Treaty 4 News in partnership with the Office of the Treaty Commissioner proudly present the Ones 2 Watch. For the next 10 weeks we will present 10 individuals who are making an impact in their communities, making career moves and making people take notice of their impressive accomplishments.

This week we focus on Belinda Daniels, the new interim president of the Saskatchewan Indigenous Cultural Centre.

Belinda Daniels focused on revitalizing Indigenous Language across Canada 

by NC Raine

It’s not often that a person in their profession can claim to be one of the 50 best in the world. It’s even rarer that an organization as distinguished as the Varkey Foundation recognizes you for your excellence.

That is exactly the distinction earned by Saskatoon teacher Belinda Daniels.  Daniels, a First Nations member of Nehiyaw origin, was one of the 50 educators, of 8,000 applicants, short-listed for the million dollar Global Teacher Prize, dubbed as the ‘Nobel Prize of teaching’. The prize is awarded to an outstanding pioneering teacher who has widespread impact. Daniels was the only Canadian woman nominated for the award.

“When I got the email that I was one of the nominees, I was blown away. I had to read the email twice. I was overcome with joy and gratitude,” she says.

Daniels, who is currently on leave to pursue a PhD in interdisciplinary studies, was teaching at Mount Royal Collegiate in Saskatoon at the time of the nomination. As a teacher of Indigenous studies, Cree language, and history, she believes as Canadians we have a responsibility to learn about every aspect of our nation’s roots – even though colonialism has tended to make the history books one sided.

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“I’m about language revitalization and preservation. I’m about Indigenous knowledge and being a voice for Indigenous peoples. I’m about resistance when it comes to the colonial agenda in schools and in the curriculum. I’m always asking questions and challenging the system,” says Daniels.

It’s that attitude of refusing to be complacent which sets Daniels apart. She not only educates on indigenous history and culture, but she works to ingrain in her students practices of language, oral history, and shared storytelling, encouraging her students to become active participants in these traditional teachings.

“I love seeing the light bulbs going off in my students eyes,” she says. “When an idea goes off in their mind and they finally understand one of these concepts or issues, I feel empowered. It’s like synergy when you click with your students.”

Daniels has also established a summer camp, the Nehiyawak summer language workshop, which is in its 12th year. Daniels describes it as a “language learning playground”, created as a way to fill an absence in the area.

“There was no way of accessing a [Cree language program] so I created it myself. We have people from all over the world and Canada who come to learn.”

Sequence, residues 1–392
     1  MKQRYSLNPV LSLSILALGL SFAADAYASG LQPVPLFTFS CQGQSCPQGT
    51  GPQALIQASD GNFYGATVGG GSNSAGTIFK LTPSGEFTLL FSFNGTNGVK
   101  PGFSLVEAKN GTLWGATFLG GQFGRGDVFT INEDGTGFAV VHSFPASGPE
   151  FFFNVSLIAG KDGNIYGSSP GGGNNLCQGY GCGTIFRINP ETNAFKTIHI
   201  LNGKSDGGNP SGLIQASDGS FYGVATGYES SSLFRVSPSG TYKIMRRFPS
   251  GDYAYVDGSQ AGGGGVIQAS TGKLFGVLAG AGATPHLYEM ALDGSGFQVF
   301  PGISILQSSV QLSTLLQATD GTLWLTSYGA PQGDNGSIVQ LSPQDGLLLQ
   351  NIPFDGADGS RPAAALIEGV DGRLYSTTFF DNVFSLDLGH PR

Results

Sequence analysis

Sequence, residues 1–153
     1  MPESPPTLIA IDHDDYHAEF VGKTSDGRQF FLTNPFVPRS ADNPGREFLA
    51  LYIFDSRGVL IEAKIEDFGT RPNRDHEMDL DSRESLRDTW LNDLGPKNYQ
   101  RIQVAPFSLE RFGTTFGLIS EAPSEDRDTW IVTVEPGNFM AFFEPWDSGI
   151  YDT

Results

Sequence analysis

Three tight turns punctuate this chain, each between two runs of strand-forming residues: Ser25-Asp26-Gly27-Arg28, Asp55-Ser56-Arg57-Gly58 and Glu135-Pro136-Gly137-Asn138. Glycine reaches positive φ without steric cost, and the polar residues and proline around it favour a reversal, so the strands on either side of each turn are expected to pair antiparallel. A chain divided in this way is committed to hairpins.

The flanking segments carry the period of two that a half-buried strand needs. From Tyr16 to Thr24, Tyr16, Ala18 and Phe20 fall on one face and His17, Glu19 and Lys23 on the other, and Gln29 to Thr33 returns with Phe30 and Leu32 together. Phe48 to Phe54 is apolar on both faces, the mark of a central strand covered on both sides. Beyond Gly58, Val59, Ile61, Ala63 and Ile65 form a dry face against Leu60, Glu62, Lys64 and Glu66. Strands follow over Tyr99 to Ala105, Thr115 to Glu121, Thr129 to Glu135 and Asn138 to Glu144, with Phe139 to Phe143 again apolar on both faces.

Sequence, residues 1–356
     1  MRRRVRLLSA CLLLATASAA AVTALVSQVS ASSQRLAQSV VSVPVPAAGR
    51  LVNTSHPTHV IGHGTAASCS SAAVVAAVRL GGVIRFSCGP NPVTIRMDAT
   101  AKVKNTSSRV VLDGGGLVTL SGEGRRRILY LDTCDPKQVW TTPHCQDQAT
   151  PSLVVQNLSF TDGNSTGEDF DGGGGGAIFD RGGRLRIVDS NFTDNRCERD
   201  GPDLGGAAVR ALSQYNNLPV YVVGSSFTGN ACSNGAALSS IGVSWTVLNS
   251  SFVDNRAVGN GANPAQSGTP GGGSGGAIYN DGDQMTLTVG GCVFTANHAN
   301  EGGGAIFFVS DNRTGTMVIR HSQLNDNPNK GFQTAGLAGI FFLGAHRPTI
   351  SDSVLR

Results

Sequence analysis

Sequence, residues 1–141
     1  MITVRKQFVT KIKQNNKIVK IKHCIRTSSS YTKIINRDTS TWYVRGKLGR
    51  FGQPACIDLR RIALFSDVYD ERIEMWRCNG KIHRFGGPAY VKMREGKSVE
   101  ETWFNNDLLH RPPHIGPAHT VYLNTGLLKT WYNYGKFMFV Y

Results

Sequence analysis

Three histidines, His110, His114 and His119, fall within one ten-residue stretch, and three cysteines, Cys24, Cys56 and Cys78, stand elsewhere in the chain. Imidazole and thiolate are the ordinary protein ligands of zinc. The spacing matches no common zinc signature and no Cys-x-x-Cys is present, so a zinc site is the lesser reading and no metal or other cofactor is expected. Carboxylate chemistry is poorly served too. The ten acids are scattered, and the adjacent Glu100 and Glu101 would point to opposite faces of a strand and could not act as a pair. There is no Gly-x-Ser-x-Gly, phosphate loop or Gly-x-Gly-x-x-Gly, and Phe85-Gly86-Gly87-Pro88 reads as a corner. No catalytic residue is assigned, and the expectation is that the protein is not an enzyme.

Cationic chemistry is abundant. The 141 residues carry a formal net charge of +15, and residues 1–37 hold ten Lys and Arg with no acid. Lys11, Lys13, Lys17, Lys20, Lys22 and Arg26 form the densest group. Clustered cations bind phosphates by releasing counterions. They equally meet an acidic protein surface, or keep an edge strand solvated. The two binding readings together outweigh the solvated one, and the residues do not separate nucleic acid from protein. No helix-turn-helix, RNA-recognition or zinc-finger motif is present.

Creating a more inclusive Canada which accurately reflects all of our people is a core philosophy in all of her work.

“People can go to France or Germany and learn the native languages, but here, there’s very few opportunities to do that. And there shouldn’t be. We should have pockets of where our language is flourishing,” she says.

“I wish we could jump across every territory and have access to all different languages.”

As if these endeavours weren’t enough, Daniels acts as the interim president at the Saskatchewan Indigenous Cultural Centre [SICC], created how to speak Cree TV segments, works with the Ministry of Education in developing Core Cree into the curriculum, and lectures at Canadian universities.

Perhaps this determination to better her circumstance and that of her people relates to her childhood, where she grew up in Sturgeon Lake, amidst conditions she calls “third and fourth world”; hauling water as a young girl because the community had such poor infrastructure.

“This is why I value hard work. I’m willing to go that extra mile. Hard works makes you appreciate what you have,” says Daniels.

With SICC and her various roles in education, she hopes to not only honour Indigenous languages and culture, but honour her ancestors commitments made during treaties.

“We were supposed to have our own systems of learning.  We were supposed to have our languages and customs intact, and our traditions instilled. This is one of my dreams – our own systems and schools of learning,” says Daniels.

“Organizations and allies need to work in solidarity and put pressure on our systems and the people in power.”

And although the Global Teacher Prize ultimately was awarded in March to Hanan Al Hroub, a Palestinian teacher, Daniels will continue to have an immeasurable impact on both her students and her country.

“I’ve always been a warrior at heart,” she says.

“I [teach] because it feels good. I feel that my spirit is dancing, I’m in tremendous joy when I’m doing my work. So obviously, this is my purpose.”

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